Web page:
Business Briefing

From tech talk to marketing tips and accountancy advice, here you'll find all you need to know to keep your floral business blooming.


Read our selection of photography tips provided by a florist-come-photographer, guaranteed to boost your website rankings and slick up your social media. Ed's note: we first published this article over a year ago but due to popular demand we're re-posting and will be sharing more photography hints and tips in the near future.

Good photography is so, so important in a creative industry like floristry. That's not to say florists need thousand pound cameras, tripods and qualifications, but dark fuzzy phone shots on both your social media channels and your website just look a little bit pants and unprofessional to say the least. Plus Google say they penalise websites with stock photos, which don't show off your true talents or give you a unique edge either, so there's no two ways about it; learning how to take a decent photo is the way to go.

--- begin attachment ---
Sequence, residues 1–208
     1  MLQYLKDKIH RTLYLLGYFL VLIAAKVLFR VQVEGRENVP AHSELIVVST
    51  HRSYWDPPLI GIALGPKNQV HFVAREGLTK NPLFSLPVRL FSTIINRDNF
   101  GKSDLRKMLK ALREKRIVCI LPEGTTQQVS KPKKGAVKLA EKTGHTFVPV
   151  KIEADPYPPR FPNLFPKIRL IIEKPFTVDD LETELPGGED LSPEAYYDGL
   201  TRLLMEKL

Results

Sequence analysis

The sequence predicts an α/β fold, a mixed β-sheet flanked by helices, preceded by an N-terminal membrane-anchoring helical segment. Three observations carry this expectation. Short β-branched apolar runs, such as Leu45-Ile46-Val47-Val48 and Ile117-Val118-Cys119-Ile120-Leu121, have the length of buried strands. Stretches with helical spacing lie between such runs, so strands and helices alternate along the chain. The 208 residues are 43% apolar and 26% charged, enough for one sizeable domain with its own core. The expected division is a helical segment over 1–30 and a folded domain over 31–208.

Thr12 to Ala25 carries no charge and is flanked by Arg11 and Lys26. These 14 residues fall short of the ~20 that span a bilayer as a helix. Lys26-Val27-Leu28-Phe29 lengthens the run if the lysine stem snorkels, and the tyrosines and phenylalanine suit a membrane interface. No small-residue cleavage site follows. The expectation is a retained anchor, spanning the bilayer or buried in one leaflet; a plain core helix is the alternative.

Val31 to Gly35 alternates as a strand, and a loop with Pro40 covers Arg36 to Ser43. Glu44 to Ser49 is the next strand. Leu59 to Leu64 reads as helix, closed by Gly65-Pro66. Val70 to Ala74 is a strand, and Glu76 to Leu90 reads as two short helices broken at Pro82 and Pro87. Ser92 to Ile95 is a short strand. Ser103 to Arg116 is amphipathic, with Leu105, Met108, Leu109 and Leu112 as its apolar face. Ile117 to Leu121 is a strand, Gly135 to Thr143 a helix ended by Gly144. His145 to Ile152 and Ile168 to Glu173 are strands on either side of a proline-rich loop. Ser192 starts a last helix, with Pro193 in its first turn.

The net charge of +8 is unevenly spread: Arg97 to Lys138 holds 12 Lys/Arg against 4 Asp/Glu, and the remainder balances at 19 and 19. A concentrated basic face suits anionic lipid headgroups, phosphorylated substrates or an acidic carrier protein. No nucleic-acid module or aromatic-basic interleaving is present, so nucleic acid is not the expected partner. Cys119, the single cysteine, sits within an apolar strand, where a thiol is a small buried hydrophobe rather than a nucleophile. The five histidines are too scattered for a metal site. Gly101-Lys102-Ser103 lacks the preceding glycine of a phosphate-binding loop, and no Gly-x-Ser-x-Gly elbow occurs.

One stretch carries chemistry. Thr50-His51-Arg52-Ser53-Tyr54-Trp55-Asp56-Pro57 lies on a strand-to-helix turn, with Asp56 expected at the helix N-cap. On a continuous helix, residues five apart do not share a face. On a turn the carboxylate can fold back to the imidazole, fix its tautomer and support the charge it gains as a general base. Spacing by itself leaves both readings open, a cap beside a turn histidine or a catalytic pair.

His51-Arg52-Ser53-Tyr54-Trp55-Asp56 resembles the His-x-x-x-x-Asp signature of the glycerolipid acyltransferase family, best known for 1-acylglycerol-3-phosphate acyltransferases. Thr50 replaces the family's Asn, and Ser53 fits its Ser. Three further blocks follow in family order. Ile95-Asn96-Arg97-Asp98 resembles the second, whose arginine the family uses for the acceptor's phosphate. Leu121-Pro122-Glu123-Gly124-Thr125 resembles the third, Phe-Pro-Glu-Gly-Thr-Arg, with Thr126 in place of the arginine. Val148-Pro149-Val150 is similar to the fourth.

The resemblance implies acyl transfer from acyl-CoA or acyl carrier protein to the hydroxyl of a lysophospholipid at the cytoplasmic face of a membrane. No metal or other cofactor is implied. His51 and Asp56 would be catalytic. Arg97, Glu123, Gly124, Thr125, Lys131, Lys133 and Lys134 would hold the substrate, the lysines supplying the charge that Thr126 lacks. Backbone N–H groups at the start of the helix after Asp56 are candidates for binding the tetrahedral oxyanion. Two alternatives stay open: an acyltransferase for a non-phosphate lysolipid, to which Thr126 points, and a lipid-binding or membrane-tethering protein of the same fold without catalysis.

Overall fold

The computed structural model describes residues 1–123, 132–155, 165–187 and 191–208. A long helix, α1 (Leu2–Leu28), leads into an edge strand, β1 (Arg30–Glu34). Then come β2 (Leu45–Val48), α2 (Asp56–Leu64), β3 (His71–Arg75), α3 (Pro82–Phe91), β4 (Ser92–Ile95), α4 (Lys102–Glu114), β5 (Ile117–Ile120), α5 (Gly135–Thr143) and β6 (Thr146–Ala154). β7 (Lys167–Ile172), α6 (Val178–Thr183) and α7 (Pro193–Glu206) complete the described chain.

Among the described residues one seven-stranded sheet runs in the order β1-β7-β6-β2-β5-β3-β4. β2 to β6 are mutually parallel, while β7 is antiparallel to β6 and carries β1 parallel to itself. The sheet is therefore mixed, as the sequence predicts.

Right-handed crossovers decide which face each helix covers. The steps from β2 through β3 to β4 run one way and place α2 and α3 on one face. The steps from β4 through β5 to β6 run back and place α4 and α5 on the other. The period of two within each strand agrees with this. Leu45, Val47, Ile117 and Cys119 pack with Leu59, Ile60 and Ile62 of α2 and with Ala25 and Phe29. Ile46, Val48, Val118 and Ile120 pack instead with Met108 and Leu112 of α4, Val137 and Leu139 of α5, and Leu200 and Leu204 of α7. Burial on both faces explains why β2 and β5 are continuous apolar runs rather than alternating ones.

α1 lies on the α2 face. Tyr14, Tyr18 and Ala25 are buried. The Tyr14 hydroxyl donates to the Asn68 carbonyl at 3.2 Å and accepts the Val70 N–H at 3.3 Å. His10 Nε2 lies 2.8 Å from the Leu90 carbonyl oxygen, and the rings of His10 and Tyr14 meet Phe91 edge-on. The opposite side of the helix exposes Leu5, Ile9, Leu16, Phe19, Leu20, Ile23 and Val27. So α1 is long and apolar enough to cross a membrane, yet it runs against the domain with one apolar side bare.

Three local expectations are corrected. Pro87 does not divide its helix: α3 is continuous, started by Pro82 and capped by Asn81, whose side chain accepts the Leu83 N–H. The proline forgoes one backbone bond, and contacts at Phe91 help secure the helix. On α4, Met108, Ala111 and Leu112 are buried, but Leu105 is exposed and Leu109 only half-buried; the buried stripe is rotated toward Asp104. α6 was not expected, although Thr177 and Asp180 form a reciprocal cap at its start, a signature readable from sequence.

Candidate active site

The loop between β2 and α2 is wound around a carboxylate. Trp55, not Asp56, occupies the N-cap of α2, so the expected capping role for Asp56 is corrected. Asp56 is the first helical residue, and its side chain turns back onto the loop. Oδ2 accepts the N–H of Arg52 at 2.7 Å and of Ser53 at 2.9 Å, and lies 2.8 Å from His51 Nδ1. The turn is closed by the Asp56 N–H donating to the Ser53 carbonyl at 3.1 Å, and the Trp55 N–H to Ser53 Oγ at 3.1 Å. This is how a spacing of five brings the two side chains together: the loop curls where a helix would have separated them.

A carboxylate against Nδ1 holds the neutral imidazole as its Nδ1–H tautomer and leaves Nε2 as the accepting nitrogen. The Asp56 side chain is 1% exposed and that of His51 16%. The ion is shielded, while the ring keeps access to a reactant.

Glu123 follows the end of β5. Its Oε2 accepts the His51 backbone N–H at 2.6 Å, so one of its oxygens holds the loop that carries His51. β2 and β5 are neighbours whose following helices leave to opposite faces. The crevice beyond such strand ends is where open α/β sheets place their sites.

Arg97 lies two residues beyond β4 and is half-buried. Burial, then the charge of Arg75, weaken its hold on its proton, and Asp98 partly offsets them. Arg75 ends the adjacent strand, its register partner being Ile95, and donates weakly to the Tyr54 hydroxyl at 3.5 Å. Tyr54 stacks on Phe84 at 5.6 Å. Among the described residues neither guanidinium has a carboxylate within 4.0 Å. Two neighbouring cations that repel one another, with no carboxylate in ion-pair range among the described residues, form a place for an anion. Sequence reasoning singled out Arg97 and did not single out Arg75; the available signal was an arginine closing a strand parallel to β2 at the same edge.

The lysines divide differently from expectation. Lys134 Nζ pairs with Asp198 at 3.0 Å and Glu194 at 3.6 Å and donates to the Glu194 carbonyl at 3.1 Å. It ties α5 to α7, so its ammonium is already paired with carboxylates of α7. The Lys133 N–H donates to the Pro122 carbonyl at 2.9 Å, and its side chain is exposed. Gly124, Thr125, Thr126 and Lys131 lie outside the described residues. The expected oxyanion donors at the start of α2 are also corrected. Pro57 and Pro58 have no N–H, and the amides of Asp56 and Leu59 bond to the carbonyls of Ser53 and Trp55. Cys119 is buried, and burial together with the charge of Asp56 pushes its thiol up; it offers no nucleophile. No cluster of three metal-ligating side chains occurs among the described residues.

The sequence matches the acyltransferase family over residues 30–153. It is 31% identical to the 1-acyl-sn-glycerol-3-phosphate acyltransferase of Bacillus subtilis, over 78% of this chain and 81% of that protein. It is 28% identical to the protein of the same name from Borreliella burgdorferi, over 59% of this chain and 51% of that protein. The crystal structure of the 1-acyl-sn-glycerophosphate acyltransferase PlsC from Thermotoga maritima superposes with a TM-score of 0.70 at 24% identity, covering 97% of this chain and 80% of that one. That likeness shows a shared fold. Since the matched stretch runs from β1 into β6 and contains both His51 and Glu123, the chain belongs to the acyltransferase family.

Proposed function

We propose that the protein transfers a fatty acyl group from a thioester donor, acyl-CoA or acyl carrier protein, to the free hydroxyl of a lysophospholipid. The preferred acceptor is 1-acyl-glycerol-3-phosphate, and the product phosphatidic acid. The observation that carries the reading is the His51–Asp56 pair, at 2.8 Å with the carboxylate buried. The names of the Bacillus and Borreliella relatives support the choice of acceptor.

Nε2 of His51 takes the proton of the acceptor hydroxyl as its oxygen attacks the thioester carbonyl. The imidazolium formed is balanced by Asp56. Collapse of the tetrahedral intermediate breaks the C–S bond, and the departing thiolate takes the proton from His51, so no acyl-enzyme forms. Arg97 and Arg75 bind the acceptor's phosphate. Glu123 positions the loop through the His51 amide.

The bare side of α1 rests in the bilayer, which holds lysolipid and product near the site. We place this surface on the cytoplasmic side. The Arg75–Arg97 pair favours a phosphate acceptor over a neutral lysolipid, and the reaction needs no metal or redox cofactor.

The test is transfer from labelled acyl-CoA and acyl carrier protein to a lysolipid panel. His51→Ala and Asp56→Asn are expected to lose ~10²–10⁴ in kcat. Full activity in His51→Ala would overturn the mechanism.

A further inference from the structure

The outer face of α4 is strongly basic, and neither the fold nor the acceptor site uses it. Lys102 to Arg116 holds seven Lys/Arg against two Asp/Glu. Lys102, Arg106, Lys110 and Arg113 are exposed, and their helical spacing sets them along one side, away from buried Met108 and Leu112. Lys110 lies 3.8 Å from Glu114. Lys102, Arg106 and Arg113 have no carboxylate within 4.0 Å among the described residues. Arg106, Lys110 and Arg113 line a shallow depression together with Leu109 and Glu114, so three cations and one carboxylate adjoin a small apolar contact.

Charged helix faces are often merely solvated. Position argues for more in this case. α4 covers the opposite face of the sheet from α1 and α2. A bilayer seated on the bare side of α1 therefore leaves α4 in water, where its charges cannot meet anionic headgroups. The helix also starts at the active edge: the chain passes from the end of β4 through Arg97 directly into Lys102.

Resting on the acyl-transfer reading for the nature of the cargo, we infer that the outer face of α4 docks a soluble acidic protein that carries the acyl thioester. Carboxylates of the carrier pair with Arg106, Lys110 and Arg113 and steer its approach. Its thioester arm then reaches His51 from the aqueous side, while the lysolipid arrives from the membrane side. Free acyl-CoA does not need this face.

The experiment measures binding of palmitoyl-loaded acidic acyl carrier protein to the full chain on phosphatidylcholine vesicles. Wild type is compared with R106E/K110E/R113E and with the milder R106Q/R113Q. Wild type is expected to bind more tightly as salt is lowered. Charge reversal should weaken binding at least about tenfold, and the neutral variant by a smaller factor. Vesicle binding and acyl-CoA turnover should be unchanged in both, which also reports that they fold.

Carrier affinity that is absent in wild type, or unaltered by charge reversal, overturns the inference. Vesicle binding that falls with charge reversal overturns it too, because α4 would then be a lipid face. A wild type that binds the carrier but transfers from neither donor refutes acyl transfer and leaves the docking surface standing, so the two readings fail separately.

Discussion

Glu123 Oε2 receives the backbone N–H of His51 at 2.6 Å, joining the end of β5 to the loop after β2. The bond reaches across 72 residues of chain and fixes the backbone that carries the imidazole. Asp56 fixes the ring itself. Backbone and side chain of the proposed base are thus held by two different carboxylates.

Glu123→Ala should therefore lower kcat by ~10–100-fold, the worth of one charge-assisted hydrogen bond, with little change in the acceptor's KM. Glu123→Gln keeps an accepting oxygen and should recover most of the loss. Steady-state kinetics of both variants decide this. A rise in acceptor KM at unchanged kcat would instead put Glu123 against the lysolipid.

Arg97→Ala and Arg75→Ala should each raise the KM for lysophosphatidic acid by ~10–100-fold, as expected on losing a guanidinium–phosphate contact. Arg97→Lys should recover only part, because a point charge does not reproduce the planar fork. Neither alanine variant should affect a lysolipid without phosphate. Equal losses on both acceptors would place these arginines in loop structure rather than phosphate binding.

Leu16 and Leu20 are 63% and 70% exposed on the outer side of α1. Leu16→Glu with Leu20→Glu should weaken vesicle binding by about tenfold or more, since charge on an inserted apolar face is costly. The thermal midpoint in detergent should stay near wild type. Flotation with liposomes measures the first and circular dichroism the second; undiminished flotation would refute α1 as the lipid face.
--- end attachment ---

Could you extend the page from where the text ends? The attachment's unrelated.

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It's only one week on and, as was the case before votes were cast, there will still be so many observations and far fewer facts until Brexit frenzy settles. Purely by accident, we've topped and tailed our report with two opinions which offered some of the most important impact: "Initial panic will subside and economic realities will then emerge", from University of Nairobi's Dr Iraki, and, "The common values of diversity, internationality and innovation should continue prevailing," from Frank Zeiler, Union Fleurs. Only time will tell what the impact will be and will keep monitoring the situation and reporting developments as they happen.

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Macroeconomist Russell Jones spoke at the BFA's Vision '16 conference and detailed thoughts on Brexit and what it could mean for the flower industry. Here's a precis of his speech. 

I spend much of my time – actually far too much of my time - interacting with crusty old central bankers, civil servants, money managers and academics. So it made a pleasant change to be talking to the people at the sharp end of the economy. The people generating the wealth, rather than pontificating about it. But when it comes to flowers and economics my underlying thesis is that the worlds are not so far apart and there is quite a lot that we can learn from one another.

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